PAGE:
Interesting experience with your friend's mom, Jaime. I agree, it is the sort of thing that could drive one to fundamentalism. It can have other outcomes too, thank goodness! It also sounds like she was accepting of you in her own way.
Well, just an amateur synopsis of the book...Terrell looks at the violence done to African Americans and asks why they so readily accepted the white man's violent model of redemption in the crucifixion of Christ. They witnessed so many beatings as slaves, and the lynchings, it would seem to drive one away from any idea that 'lynching' includes any redemption. Malcom X and playwright August Wilson both asked these same questions of their people and came up with non-christian positions.
The notion she suggests is that African Americans identified with Christ on the cross and could easily see themeselves in his place. It was also easy to accept substitutionary atonement because many times they knew their innocent own had died for them, in their place, to keep the Negro in their socially assigned place.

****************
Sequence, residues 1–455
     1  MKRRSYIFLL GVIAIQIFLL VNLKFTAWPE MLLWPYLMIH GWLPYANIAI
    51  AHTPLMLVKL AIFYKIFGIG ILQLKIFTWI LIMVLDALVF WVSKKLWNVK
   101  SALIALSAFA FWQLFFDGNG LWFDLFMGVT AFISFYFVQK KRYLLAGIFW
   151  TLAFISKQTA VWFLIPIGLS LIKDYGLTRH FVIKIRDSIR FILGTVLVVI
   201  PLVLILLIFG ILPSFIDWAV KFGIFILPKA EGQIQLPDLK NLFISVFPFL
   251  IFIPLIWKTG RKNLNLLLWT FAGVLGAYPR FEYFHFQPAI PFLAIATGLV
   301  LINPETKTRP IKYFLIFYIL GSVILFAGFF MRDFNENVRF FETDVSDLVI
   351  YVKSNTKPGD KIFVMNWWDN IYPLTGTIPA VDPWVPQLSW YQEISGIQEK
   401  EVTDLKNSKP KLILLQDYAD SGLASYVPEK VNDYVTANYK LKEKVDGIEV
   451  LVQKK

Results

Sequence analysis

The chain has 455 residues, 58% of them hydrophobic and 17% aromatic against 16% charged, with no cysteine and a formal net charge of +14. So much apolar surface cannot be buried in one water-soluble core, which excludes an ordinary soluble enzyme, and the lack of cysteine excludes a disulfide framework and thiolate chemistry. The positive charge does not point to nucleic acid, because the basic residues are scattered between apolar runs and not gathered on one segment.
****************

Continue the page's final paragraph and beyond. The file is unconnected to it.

There is a very moving scene in Amistad
where the leader of the kidnapped Africans is given a Bible and he turns to a page where there is a drawing of the crucifixion. He can't speak English, but he points to the picture and nods affirmatively and tears begin to flow from his eyes. He knew what it was without knowing Christianity because it was a regular part of his experience.
Of course there's a lot more. But my angle in this forum is to ask 1) how the violence (hatespeech, gaybashing, acting str8 to be acceptable to the majority, etc.) deforms us as a community? and
2) how does the crucifixion get interpreted by gay christians in ways that is contextually unique to our experience?
I know I sound like an academic egghead (and I am!) but I am fascinated by this subject and am happy to be in a forum where I meet others interested in it also.